In Litton Bionetics, one of the parties to two pending arbitration proceedings sought an order from a circuit court directing the consolidation of those arbitration proceedings.Summary of this case from Town of Chesapeake Beach v. Pessoa
[No. 5, September Term, 1981.]
Decided November 27, 1981.
APPEAL — Appeal Lies From Final Judgment In Actions Where Court Exercises Special, Limited Or Statutory Jurisdiction Unless Right Of Appeal Is Expressly Denied By Law — Code (1974, 1980 Repl. Vol.) § 12-301 Of The Courts And Judicial Proceedings Article. pp. 39-42
ARBITRATION — APPEAL — Order Denying Motion To Consolidate Arbitration Proceedings — Such Order Is Appealable Final Judgment — Maryland Arbitration Act Does Not Expressly Deny Right Of Appeal — Code (1974, 1980 Repl. Vol.) § 12-301 Of The Courts And Judicial Proceedings Article. Where circuit court denied motion to consolidate two arbitration proceedings involving the same construction project, the Court held that such order was a final, appealable judgment because it denied the relief sought and completely terminated the action in the circuit court. Applying Code (1974, 1980 Repl. Vol.) § 12-301 of Courts and Judicial Proceedings Article, the Court held that this statute overruled the law of Maietta v. Greenfield, 267 Md. 287, 297 A.2d 244 (1972), which held that an order directing arbitration is not appealable. pp. 39-42
DECLARATORY JUDGMENT — EQUITY — Form Of Decree — Decree Should Clearly Delineate Rights Of Parties — Where There Is No Dispute Of Fact, Declaratory Decree May Be Treated As Summary Declaratory Judgment Even Though No Formal Motion For Summary Judgment Is Made. pp. 42-43
ARBITRATION — Court's Power To Consolidate Arbitration Proceedings — Maryland Courts Have Power To Order Consolidation Of Arbitration Proceedings Even Though Arbitration Agreements Do Not Contain Express Consent To Consolidation — Such Power Is Incident To Courts' Statutory Power To Enforce Arbitration Agreements Under Code (1974, 1980 Repl. Vol.) § 3-202 Of Courts And Judicial Proceedings Article — But Courts Should Not Exercise Consolidation Power Where Consolidation Would Alter Contract Rights. pp. 43-53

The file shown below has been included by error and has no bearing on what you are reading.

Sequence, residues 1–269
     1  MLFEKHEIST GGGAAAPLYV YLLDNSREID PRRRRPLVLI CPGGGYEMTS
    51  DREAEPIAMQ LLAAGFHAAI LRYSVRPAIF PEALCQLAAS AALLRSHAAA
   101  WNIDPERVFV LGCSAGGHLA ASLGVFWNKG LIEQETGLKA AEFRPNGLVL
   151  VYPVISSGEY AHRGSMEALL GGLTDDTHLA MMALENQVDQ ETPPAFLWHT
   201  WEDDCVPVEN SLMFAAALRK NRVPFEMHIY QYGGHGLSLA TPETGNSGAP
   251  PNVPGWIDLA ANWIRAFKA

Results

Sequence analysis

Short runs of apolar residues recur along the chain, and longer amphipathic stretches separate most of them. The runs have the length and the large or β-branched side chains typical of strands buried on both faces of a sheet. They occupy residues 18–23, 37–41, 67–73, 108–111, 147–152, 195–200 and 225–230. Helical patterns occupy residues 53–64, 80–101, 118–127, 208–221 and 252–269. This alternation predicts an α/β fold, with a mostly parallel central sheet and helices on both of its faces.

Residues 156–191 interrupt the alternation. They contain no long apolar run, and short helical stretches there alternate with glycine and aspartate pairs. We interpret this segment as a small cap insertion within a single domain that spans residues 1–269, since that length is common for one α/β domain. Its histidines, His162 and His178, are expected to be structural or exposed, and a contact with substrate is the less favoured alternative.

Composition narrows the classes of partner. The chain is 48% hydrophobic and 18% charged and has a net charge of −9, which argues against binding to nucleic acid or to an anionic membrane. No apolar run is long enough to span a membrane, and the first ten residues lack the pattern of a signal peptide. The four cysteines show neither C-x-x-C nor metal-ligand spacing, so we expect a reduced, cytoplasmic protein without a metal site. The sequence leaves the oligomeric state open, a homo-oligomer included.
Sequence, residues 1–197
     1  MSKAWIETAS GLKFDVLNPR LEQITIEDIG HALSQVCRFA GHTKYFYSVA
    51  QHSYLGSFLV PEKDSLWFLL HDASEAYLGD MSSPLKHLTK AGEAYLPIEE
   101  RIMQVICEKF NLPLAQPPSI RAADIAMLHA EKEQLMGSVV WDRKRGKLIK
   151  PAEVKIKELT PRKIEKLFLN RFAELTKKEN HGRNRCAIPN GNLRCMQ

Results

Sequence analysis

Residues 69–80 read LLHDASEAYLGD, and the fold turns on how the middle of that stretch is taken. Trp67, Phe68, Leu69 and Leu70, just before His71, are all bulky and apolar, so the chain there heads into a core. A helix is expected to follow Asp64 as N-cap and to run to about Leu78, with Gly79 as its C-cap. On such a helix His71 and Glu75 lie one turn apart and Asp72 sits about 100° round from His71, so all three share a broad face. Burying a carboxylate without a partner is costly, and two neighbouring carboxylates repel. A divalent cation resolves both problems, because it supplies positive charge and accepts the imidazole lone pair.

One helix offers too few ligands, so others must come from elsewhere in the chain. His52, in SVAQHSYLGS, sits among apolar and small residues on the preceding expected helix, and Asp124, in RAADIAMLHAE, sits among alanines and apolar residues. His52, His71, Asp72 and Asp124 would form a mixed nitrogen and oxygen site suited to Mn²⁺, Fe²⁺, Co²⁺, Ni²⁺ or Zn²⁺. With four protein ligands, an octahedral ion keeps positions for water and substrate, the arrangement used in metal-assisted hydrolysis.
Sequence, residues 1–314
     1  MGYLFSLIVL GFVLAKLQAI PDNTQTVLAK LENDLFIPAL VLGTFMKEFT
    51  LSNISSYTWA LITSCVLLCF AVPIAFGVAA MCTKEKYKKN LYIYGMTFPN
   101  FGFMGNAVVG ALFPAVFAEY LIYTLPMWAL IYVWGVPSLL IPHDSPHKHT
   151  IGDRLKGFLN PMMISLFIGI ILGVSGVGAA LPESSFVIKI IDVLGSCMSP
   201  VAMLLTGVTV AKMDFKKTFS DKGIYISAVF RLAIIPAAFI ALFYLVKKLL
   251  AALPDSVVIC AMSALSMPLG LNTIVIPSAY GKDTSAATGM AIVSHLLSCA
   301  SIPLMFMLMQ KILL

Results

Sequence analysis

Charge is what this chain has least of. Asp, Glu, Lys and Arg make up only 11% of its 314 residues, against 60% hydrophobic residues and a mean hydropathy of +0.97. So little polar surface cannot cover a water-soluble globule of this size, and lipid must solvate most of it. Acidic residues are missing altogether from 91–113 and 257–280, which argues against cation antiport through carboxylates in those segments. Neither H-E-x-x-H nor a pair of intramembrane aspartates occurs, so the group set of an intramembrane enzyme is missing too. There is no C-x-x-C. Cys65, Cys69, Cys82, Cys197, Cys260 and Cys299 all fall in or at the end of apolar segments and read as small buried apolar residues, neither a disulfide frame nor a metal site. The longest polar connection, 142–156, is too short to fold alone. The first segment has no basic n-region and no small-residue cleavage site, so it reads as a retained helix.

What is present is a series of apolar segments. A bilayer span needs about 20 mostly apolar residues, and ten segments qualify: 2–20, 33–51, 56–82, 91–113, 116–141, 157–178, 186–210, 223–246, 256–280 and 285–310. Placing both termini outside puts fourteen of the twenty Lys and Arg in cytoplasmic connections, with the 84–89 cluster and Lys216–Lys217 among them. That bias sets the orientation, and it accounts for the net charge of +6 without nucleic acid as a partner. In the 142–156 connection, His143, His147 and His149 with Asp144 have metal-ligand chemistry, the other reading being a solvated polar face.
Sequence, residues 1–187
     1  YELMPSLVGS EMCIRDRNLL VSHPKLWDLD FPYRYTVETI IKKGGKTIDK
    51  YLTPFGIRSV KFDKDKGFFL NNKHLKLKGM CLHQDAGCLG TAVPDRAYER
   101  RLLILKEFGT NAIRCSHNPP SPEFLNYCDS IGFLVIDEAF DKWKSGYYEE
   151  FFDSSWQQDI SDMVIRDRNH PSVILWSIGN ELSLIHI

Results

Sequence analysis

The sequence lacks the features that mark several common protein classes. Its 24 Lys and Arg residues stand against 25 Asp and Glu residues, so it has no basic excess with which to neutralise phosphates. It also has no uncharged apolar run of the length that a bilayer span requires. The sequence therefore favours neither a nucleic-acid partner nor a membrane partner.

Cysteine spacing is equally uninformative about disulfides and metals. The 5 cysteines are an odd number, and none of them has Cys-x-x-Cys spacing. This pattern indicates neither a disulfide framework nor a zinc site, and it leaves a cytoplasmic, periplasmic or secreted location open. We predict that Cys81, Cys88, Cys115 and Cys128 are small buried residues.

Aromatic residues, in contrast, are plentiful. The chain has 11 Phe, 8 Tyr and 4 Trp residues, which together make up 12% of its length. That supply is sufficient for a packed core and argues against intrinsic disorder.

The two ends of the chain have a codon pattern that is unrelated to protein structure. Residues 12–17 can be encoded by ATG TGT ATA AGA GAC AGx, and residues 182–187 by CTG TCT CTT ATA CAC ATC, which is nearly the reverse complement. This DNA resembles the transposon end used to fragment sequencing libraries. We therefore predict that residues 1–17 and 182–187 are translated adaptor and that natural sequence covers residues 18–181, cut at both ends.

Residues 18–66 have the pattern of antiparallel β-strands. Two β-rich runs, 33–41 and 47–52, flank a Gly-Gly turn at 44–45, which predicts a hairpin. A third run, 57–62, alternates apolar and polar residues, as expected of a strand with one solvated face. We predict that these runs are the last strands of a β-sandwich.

ARBITRATION — Consolidation Of Arbitration Proceedings Involving Same Subject Matter — Where Consolidation Would Not Alter Parties' Contractual Rights, Court Has Discretion To Consolidate Arbitration Proceedings — In Exercising Discretion To Consolidate, Court Should Consider Same Factors As It Would Apply In Consolidating Equity Actions Under Maryland Rule 503 — Contractual Rights Held Not Altered If Consolidation Of Arbitrations Were Ordered In Instant Case. Where owner of building sought court order directing consolidation of arbitration proceedings between owner-builder and owner-architect, and where the arbitration agreements were identical and did not prejudice any party in the selection of arbitrators or otherwise alter the parties' contractual rights, the Court held that the circuit court had the power to order consolidation, and remanded the matter to the circuit court to determine whether consolidation should or should not be ordered. In making such determination, the Court held that the circuit court should consider the same types of factors as it would weigh in determining whether to consolidate equity actions under Maryland Rule 503. pp. 53-56
ARBITRATION — Federal Arbitration Act — Construed To Permit Consolidation Of Arbitration Proceedings Involving Same Subject Matter — Absent Contrary Decision By U.S. Supreme Court, Court Will Construe Federal Arbitration Act In Same Manner As Maryland Arbitration Act — 9 U.S.C. § 1-14; Code (1974, 1980 Repl. Vol.) §§ 3-201 Through 3-234 Of Courts And Judicial Proceedings Article. p. 56
Appeal from the Circuit Court for Montgomery County (MITCHELL, J.), pursuant to certiorari to the Court of Special Appeals.
Bill of complaint by Litton Bionetics, Inc., for declaratory judgment and mandatory injunction to compel consolidation of arbitration proceedings against Glen Construction Company, Inc., and A. Kent Dickey. From an order denying the requested relief, Litton Bionetics, Inc., appealed to the Court of Special Appeals. The Court granted certiorari prior to consideration by that court.
Judgment of the Circuit Court for Montgomery County vacated. Case remanded to that court for further proceedings consistent with this opinion. Costs to abide the result.
The cause was argued before MURPHY, C.J., and SMITH, DIGGES, ELDRIDGE, COLE, DAVIDSON and RODOWSKY, JJ.
Thomas C. Wheeler, with whom were Pettit Martin, Gerard E. Mitchell and Stein, Mitchell Mezines on the brief, for appellant. J. Richard Margulies, with whom were Braude, Margulies, Sacks Rephan, Chartered on the brief, for appellee Glen Construction Company, Inc. Patrick J. Attridge and John A. King on the brief of other appellee A. Kent Dickey.